“These grim instances didn’t happen in some far-flung corner of the world; but right outside our door. The fear the villagers felt, the sadness at the deaths, and the rapidity the cases were dealt with [the bodies were treated with pitch and quicklime] must have been truly shocking.
“The last two casualties were children under the age of five and they died within an hour of each other. Look around your own communities and try to imagine the horror of two children dying in your street within an hour.”
For those in peril on the sea
Coastal communities are accustomed to dealing with tragedies at sea, but nobody in Burnbanks was prepared for the death of ship’s cook, James Shepherd Coutts, when his vessel SS Norwood was attacked in February 1917, close to the entrance of Aberdeen harbour, by the German U-boat UC-29.
On a passage from Middlesbrough, it had already entered the port when it was ordered not to tie up, but make its way to Peterhead 30 miles north.
Warnings had previously been issued about the threat of U-boat activity in the North Sea, so it was unclear why the SS Norwood was instructed to relocate when it was in a position of safety.
But the decision ultimately sealed the fate of all on board and 18 men died.
Mr McLeod admitted it was difficult to track down a clear link between Joseph Coutts and Burnbanks, but his tenacity eventually paid dividends.
He said: “I found that his first wife, Elizabeth Fingzies Coutts, had died in 1912 in Rosemount in Aberdeen, aged only 31 from acute pneumonia. His second wife was called Helen Campbell and their marriage certificate, dated 1914, confirmed that she came from Burnbanks and lived with her parents, Alexander and Jeanie Campbell in [houses] Nos 10 and 11.
His endeavours also unveiled an incident when a German plane attacked a train at Cove, which was travelling north during the Second World War and unleashed machine-gun fire and dropped a bomb, which missed the track but obliterated a section of a dry stane dyke next to the railway track.
At first, some of the Burnbanks children thought this was exciting and rushed towards the low-flying aircraft, but their terrified parents screamed at them: “Get down! Take cover! This is not a game.”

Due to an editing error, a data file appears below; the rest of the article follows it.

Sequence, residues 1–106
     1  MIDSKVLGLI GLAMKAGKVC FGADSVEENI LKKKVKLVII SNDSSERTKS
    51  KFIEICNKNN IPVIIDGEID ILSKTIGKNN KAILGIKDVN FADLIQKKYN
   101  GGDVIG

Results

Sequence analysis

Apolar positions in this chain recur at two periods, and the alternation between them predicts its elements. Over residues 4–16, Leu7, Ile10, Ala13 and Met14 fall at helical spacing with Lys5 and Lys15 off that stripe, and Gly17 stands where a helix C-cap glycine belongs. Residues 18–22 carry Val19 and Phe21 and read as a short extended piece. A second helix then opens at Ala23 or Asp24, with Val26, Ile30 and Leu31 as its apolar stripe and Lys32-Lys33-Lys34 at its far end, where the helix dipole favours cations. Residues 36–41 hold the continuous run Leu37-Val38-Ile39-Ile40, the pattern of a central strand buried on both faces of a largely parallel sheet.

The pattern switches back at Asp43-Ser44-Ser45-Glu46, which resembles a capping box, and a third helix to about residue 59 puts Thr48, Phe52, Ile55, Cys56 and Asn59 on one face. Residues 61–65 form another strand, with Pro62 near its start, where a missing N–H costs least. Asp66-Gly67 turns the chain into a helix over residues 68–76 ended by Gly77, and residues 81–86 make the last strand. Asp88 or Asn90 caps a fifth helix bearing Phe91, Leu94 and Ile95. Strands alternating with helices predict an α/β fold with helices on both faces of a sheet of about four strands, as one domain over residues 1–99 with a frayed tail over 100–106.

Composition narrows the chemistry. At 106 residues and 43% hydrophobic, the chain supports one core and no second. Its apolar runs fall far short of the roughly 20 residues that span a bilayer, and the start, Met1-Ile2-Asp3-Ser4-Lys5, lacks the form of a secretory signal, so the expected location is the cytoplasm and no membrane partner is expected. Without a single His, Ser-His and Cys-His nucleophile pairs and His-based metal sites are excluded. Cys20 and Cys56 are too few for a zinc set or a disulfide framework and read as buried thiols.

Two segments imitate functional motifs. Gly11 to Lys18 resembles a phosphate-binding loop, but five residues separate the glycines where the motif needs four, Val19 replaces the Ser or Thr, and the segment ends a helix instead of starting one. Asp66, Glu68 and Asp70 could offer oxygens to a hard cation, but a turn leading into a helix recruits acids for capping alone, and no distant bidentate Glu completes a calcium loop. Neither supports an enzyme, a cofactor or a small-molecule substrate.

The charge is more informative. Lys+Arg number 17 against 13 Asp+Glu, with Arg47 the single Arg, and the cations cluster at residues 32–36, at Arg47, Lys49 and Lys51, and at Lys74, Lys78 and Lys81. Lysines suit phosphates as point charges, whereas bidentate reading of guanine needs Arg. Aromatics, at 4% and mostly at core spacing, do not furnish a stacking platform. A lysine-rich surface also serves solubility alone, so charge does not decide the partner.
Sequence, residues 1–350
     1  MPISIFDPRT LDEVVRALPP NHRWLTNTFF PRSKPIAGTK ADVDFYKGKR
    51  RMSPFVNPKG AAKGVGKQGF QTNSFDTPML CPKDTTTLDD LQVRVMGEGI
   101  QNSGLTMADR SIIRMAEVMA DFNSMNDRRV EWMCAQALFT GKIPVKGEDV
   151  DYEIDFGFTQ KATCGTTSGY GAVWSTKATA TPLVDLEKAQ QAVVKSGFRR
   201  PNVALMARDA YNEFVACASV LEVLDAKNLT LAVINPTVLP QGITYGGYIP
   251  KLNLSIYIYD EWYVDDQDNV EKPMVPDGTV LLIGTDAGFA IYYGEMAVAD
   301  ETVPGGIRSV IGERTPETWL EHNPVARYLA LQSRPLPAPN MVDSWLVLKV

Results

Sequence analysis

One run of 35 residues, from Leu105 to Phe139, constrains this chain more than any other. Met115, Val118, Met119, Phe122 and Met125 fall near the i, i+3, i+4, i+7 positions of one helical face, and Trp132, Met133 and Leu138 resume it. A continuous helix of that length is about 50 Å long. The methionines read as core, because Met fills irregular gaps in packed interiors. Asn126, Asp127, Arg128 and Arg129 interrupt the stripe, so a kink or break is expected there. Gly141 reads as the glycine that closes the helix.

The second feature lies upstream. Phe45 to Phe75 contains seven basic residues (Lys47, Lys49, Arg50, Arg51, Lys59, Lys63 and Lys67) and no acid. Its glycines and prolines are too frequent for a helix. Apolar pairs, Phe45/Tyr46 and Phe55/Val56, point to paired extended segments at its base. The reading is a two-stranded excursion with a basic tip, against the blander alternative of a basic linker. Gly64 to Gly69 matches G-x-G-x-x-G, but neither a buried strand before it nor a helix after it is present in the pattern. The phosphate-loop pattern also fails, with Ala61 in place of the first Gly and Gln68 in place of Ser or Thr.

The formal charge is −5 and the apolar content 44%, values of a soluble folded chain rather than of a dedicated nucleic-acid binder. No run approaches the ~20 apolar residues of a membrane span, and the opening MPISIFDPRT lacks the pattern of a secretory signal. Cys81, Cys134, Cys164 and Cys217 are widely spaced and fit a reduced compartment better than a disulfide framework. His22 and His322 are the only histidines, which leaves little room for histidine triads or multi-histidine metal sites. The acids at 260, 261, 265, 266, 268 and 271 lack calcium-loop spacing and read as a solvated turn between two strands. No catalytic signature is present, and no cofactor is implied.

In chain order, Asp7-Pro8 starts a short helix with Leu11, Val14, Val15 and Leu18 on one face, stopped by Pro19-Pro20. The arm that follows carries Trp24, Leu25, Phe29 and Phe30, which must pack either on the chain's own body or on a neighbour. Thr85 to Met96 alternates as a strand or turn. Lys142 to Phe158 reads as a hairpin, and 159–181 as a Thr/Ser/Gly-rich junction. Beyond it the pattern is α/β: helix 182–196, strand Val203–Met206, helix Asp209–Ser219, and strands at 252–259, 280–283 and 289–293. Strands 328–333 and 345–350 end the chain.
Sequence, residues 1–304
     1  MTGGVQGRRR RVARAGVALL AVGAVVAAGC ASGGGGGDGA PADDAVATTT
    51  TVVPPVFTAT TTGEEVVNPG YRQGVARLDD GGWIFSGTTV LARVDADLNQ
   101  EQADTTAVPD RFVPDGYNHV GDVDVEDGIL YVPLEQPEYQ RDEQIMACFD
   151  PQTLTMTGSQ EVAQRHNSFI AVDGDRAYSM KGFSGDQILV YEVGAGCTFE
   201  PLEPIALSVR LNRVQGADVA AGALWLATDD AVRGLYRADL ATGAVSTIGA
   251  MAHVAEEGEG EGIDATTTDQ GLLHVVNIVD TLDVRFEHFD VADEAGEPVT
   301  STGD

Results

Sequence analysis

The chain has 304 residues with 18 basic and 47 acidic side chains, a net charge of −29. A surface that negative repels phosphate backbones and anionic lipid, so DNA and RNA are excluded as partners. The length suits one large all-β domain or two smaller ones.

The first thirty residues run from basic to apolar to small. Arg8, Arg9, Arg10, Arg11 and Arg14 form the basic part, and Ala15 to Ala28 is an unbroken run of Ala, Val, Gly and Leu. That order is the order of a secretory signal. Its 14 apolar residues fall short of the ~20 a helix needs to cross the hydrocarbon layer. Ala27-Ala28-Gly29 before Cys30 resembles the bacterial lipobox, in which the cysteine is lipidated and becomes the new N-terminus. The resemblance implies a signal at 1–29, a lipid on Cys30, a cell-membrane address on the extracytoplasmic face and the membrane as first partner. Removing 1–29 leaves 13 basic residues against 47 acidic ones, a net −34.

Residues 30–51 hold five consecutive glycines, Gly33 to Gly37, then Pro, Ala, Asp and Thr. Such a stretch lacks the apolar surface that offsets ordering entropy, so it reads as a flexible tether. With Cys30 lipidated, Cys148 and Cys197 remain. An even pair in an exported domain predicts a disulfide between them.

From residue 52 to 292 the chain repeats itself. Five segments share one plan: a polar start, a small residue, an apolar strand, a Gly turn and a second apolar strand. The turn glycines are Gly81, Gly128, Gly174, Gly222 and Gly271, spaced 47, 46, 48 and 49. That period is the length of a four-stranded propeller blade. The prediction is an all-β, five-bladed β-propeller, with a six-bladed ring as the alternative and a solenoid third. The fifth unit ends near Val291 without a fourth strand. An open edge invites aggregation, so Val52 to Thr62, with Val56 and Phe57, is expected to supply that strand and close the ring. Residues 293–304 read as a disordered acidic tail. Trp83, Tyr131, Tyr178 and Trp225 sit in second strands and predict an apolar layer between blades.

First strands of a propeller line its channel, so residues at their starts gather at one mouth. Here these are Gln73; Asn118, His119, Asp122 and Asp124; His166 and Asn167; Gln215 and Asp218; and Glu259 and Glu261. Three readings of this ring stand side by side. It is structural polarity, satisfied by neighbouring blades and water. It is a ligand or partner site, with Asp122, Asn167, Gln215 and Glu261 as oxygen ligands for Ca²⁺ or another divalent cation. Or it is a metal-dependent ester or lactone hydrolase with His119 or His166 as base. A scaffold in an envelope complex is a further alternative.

The community pulled together during these periods of global conflict. But there were other times where trouble occurred of a purely domestic nature.
Crimes and misdeeds in Burnbanks
In the days before TV and the advent of the music hall and cinema, people had to find their own entertainment and sporting fun wherever they could.
But that didn’t always go down well with the authorities, not least when hundreds of inhabitants of Burnbanks, Cove and Nigg met up to watch an impromptu outdoor boxing match – at 2am – in July 1844.
The contest was arranged at that unholy hour as part of a cat-and-mouse tussle between the locals and the law-makers. But it didn’t go down well with the latter and the Aberdeen Herald and General Advertiser published a scathing report, entitled “Brutal Affair”, which described those involved as the “dregs” of society.
It said: “We understand that the inhabitants of Nigg were alarmed at two o’clock in the morning by the incursion of a riotous mob, upwards of 500 of the dregs of the population of Aberdeen, for the purpose of witnessing a prize fight between two noted characters, well known to the authorities.
“One of them was a weaver and the other a coal carter. The whole of the mob entered and took possession of a pasture field on Mr Ferguson’s property at Altens, where having formed a ring, the two principal actors [boxers] stripped themselves and cut and bruised each other for more than half an hour until the brutal work was put to a stop by the intervention of the police.